'I helped make Mexico, especially Tampico, safe for American oil interests in 1914. I helped make Haiti and Cuba a decent place for the National City Bank boys to collect revenues in. I helped in the raping of half a dozen Central American republics for the benefits of Wall Street. I helped purify Nicaragua for the international banking house of Brown Brothers. I brought light to the Dominican Republic for American sugar interests. In China I helped to see to it that Standar Oi went its way unmolested.’

Profit. A determined and compelling peragamankaru if ever there was one.  Soldiers and civilians paid with their lives in the millions. The true racketeers raked in scandalous profits. Politicians sheltered them.The mainstream media looked the other way; spoke of countries, not bankers or  weapons manufacturers. And ‘profit’ was carefully and deliberately white-outed (‘Tippexed’) from the story.

Other articles in this series: 

Helplessness and innocence

The parameters of entirety

In loving memory of Carrie Lee (1956-2020)

Mobsters on and off the screen

Transfixing and freeing dawns

We're here because we're here because we're here

Life signatures

Sha'Carri Richardson versus and with Sha'Carri Richardson  

A canvas for a mind-brush

Sybil Wettasinghe's shoes

Love is...

A stroll with Pragg and Arjun along a boulevard in Baku

Meditation on tree-art

Daya Sahabandu ran out of partners but must have smiled to the end

Gentle intrusions 

Sleeping well

The unleashing of inspiration

Write, for Pete's sake

Autumn Leaves Safeness

 Sapan and voices that erase borders

Problem elephants and problem humans

Songs from the vaekanda

The 'inhuman' elephant in a human zoo

Ivan Art: Ivanthi Fernando's efforts to align meaning

Arwa Turra, heart-stitcher

Let's help Jagana Krishnakumar rebuild our ancestral home

True national anthems

Do you have a friend in Pennsylvania (or anywhere?)

A gateway to illumination in West Virginia

Through strange fissures into magical orchards

There's sea glass love few will see 

Re-residencing Lakdasa Wikkramasinha

Poisoning poets and shredding books of verse

The responsible will not be broken

Home worlds

Ownership and tenuriality of the Wissahickon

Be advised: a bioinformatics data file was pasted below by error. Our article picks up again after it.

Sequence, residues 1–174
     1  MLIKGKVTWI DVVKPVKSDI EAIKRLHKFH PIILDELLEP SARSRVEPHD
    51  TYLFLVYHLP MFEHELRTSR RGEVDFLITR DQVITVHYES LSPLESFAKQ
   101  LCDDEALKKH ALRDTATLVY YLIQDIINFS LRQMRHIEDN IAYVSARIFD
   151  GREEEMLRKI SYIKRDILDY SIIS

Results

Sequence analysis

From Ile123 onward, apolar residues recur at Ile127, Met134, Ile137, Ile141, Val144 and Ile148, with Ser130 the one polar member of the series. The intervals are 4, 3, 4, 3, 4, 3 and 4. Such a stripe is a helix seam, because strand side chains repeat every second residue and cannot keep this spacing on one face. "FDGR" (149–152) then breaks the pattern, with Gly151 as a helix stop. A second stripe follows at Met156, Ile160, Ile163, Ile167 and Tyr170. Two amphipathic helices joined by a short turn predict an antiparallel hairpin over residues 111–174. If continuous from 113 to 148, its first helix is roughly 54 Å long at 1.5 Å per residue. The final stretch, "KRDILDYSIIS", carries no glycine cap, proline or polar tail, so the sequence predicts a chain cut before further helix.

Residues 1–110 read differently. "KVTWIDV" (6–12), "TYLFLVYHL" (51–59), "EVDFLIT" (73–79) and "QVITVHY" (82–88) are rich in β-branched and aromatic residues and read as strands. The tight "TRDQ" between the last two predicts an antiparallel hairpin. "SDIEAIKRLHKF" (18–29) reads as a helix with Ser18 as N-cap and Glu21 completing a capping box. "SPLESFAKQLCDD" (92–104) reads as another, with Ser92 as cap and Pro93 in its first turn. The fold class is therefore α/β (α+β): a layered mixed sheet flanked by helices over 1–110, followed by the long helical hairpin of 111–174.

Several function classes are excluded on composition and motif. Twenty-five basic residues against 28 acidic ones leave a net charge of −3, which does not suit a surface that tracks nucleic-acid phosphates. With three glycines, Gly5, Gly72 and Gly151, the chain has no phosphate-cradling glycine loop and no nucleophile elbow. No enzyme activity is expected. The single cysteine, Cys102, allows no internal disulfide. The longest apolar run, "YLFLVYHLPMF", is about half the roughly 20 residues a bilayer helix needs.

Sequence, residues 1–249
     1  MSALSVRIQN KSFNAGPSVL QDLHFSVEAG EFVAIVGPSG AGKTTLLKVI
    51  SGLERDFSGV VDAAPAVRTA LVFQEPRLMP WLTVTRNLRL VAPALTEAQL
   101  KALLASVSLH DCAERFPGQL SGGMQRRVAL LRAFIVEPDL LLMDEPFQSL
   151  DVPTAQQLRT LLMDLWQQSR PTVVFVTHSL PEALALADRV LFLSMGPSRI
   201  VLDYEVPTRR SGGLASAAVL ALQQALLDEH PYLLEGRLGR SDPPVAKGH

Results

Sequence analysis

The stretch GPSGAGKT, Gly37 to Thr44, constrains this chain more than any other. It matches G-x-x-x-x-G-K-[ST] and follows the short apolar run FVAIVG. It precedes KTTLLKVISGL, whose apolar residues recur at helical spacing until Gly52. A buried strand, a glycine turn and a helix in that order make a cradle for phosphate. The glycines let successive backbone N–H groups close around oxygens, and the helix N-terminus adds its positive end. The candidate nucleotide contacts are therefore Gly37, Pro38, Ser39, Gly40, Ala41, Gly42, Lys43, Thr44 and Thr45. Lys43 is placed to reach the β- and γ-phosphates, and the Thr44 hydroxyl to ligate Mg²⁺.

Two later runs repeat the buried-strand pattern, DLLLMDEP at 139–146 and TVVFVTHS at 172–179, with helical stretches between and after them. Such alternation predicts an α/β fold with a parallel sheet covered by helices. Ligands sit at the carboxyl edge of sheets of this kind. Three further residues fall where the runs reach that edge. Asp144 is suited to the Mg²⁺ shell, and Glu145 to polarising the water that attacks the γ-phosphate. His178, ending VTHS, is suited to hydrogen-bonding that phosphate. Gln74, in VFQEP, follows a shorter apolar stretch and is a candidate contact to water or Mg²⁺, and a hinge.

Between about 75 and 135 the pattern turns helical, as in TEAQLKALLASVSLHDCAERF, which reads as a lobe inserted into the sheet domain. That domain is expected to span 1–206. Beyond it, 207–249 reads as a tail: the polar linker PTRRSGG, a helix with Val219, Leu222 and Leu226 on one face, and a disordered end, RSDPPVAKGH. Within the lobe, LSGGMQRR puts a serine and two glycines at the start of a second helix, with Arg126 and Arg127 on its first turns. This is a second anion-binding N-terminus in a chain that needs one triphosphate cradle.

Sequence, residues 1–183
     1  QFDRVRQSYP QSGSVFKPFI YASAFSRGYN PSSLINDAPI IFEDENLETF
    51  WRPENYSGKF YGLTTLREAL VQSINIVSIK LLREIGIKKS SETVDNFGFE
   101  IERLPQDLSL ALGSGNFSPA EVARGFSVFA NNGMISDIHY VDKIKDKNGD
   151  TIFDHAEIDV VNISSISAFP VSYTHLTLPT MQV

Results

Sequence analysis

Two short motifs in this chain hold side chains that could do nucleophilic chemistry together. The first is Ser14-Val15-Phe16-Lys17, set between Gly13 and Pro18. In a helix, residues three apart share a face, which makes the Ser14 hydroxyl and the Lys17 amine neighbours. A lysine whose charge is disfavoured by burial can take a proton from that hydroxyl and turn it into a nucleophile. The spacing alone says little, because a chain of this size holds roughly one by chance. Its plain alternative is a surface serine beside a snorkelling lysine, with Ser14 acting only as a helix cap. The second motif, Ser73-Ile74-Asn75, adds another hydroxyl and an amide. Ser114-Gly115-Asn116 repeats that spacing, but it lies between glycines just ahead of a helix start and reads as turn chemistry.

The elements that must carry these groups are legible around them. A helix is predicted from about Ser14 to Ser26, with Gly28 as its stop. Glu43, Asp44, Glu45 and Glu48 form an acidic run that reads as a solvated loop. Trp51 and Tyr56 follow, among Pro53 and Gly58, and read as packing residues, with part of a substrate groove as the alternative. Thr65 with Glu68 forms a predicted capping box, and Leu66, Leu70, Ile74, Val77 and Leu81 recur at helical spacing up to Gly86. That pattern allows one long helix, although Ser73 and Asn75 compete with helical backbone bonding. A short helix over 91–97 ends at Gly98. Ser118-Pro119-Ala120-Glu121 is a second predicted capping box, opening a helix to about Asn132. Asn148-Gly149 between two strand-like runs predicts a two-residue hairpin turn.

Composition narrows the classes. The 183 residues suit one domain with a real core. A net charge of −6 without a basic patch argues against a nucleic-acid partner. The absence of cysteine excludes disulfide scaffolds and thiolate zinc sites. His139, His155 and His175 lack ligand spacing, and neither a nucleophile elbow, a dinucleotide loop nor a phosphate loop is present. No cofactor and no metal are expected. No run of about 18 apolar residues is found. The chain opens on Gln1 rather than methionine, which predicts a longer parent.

Did you notice the 'tiny, tiny wayside flowers'?

Gifts, gifting and their rubbishing

History is new(s)

Journalism inadvertently learned

Reflections on the young poetic heart

Wordaholic, trynasty and other portmanteaus

The 'Loku Aiya' of all 'Paththara Mallis'

Subverting the indecency of the mind

Character theft and the perennial question 'who am I?'


A degree in people

Faces dripping with time

Saji Coomaraswamy and rewards that matter

Revolutionary unburdening

Seeing, unseeing and seeing again

Alex Carey and the (small) matter of legacy

The Edelweiss of Mirissa 

The insomnial dreams of Kapila Kumara Kalinga 

The clothes we wear and the clothes that wear us (down) 

Every mountain, every rock, is sacred 

Manufacturing passivity and obedience 

Precept and practice 

Sanjeew Lonliyes: rawness unplugged, unlimited 

In praise of courage, determination and insanity 

The relative values of life and death 

Feet that walk 

Sarinda's eyes 

Poetry and poets will not be buried 

Sunny Dayananda 

Reunion Peradeniya (1980-1990) 

What makes Oxygen breathable?  

Sorrowing and delighting the world 

The greatest fallacy  

Encounters with Liyanage Amarakeerthi 

Beyond praise and blame 

Letters that cut and heal the heart 

Vanished and vanishing trails 


A forgotten dawn song from Embilipitiya 

The soft rain of neighbourliness  

The Gold Medals of being 

Jaya Sri Ratna Sri 

All those we've loved before 

Reflections on waves and markings 

A chorus of National Anthems 

Saying what and how 

'Say when' 

Respond to insults in line with the Akkosa Sutra 

The loves of our lives 

The right time, the right person 

The silent equivalent of a thousand words 

Crazy cousins are besties for life 

Unities, free and endearing 

Free verse and the return key

"Sorry, Earth!" 

The lost lyrics of Premakeerthi de Alwis 

The revolution is the song 

Consolation prizes in competitions no one ever wins 

The day I won a Pulitzer 


Ella Deloria's silences 

Blackness, whiteness and black-whiteness 

Inscriptions: stubborn and erasable  


Deveni: a priceless one-word koan 

Enlightening geometries 

Let's meet at 'The Commons'